Monthly Archives: April 2012

Can the same keywords be used on different web pages?

This is a great topic. It is really important to add keywords properly to your site or visitors will not easily find it. Keywords can and should be repeated, but repetition should be used in moderation and very discretely.

How to avoid keyword stuffing
When I look at the source code for a site, I often see the same few words repeated over and over in title tags, page descriptions, keyword tags and throughout the page. This can be a bad thing for your site.

There is a tipping point at which Google starts to see over-use of one or more key words as a kind of spam called “keyword stuffing”. At this point, your site will not receive as high a ranking in their results. See a, b, and c below. Which site uses keyword stuffing? Not sure? Read on!

Each keyword should only be used once in the title tag. However, variations of it can be used in the description. An example would be “dentist Vancouver” as part of the title and “Vancouver dentist offers a full range of dental services” as a phrase in the description.

The title tag allows 65 characters to be used, so there are plenty of opportunities to use other phrases besides “dentist Vancouver”, such as a description of services offered. What counts as a variation of a word? Google sees “dentists” plural as a different word than “dentist” singular. You can use quite a range of endings, like dentist, dentists, dental and dentistry, and they will all be seen as different words. The same holds true for words with variations ending in “ed”, “es”, “ion” or “ing”.

I would recommend using as many variations as possible. You not only avoid Google’s poor impression of your site, but you will pick up more visitors to your site because you can’t count on every single visitor typing “dentist” and no other variation of it.

What about WordPress and other blog-type sites?
I recommend you install a plugin called Headspace. This creates a place below the text for each page where you can type in a title and description. Your Google results will be much superior to using tags alone. In fact I do not recommend tags. WordPress users in particular should avoid using the tag function of WordPress, and should download a free and easy to use SEO plugin instead. (Tags of course may be your only choice if you are hosted on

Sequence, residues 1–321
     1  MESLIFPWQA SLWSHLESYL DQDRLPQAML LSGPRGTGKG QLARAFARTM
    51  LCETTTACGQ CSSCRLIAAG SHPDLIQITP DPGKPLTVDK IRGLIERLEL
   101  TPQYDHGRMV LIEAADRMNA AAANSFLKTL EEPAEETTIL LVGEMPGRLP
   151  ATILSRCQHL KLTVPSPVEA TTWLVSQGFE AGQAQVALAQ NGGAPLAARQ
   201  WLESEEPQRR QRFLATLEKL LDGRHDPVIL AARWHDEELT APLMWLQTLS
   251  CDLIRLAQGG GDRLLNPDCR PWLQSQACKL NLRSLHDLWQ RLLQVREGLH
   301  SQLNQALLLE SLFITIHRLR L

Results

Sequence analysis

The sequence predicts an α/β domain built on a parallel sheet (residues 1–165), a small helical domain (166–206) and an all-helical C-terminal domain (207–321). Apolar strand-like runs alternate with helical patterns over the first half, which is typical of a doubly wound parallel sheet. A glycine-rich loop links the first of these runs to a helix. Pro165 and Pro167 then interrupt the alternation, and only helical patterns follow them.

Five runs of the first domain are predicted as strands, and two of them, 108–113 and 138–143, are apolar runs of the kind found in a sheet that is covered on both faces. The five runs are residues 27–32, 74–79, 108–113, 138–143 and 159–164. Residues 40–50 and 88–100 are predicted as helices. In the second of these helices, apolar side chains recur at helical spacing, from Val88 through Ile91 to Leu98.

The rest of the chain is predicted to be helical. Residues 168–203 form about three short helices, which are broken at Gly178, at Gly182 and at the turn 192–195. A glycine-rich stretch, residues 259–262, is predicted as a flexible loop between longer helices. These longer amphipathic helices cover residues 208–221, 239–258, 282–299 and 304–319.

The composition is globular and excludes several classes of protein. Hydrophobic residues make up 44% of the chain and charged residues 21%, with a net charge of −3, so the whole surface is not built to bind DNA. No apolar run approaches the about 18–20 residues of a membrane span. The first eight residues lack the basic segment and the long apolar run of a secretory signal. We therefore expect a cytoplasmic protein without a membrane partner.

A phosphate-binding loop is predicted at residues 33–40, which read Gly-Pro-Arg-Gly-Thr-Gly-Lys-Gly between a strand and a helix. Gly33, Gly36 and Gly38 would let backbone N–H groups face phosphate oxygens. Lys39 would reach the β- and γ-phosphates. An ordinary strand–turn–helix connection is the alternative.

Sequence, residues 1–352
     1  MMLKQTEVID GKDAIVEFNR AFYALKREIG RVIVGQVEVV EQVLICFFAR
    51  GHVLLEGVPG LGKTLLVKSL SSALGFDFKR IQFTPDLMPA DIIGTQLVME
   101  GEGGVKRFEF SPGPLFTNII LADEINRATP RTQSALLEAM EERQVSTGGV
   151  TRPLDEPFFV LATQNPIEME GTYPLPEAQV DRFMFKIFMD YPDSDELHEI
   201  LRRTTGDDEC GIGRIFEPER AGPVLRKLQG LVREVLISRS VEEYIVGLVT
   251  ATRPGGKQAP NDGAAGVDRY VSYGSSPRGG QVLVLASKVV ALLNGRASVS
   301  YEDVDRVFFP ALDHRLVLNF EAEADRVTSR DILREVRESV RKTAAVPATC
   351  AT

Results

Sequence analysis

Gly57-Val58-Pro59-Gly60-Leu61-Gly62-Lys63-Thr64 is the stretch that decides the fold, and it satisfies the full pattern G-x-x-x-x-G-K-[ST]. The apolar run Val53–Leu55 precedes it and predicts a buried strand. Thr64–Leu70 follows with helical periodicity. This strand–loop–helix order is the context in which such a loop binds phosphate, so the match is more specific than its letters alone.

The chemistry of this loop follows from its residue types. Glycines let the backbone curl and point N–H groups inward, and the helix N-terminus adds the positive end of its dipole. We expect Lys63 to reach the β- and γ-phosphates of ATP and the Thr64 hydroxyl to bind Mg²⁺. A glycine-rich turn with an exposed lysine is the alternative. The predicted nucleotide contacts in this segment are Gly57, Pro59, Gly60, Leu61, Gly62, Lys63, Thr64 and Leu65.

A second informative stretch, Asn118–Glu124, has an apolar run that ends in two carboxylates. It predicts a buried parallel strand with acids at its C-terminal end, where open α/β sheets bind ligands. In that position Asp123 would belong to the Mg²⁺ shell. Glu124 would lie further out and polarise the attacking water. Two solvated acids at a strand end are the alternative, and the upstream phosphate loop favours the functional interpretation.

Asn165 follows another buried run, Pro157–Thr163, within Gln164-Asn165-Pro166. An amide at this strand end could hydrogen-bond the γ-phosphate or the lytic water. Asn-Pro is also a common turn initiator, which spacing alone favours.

How does Google use your title tags and description tags?
Google uses the keywords and descriptions you enter to annotate your site in the results, as shown in the picture above. By writing them yourself, separate from the page content, you draw Google’s attention to a proper description of the page instead of allowing Google to randomly select any text.

You are also providing a targeted message to your visitors. Your words form the first impression of your site and encourage people to link to it.

The following three descriptions were found by typing “dentist Vancouver” into Google. These are the Google results that visitors are seeing when they search for a dentist.  I have copied them here as they appeared in the annotations.

Which one do you think was written with Google and visitors in mind? Which one was stuffed with keywords without much thought to how it would look to visitors? And which one do you think Google randomly copied from the original web page?

a) Vancouver dentist provides general dentistry and teeth whitening with the latest technology in a downtown dental clinic. Emergencies and new patients are welcome.

b) Dentist downtown Vancouver, dental services including dentist tooth extraction, dental Implants, dental surgeries by dentist, white fillings, dental root canal

c) Welcome to Vancouver’s Smile City Square Dental. Enriching Lives. One Smile at a Time. Vancouver’s Smile City Square Dental is dedicated to transforming, …

Invasion of privacy online

I know I’m not the only one having trouble with the rapidly increasing assault on my privacy while I use the Internet. It’s getting downright creepy.

A couple of weeks ago I was looking at a weekender bag on Roots. The next day it was featured in an ad on another site I was browsing.

“Hey look – there’s the bag I want!” I said. “That’s so funny it’s in an ad!”

A few days later it wasn’t very funny anymore. The Roots bag began to stalk me as I moved from site to site, regardless of the site I was on. It got to the point where I really didn’t want the bag anymore because it was so popular and over-exposed.

Of course, that wasn’t really the case at all. Roots had left a little script behind on my own computer in the first place. This “cookie” continued to neatly insert the image of the bag at every opportunity it could find over the next few days. They obviously weren’t going to let me forget about it.

I soon noticed my Facebook ads were getting rather pointed as well. A certain (ahem) health product I had been researching began popping up in numerous guises – and from a variety of companies – in the right side column. I assured myself that of course no one else knew the topic of my search – unless they happened to use my computer. But tonight while on Facebook I noticed the names of two people I do know, who must have clicked on an Ikea ad in Facebook. Or perhaps they visited and picked up a third-party cookie (scripts placed on other websites to track your browsing information).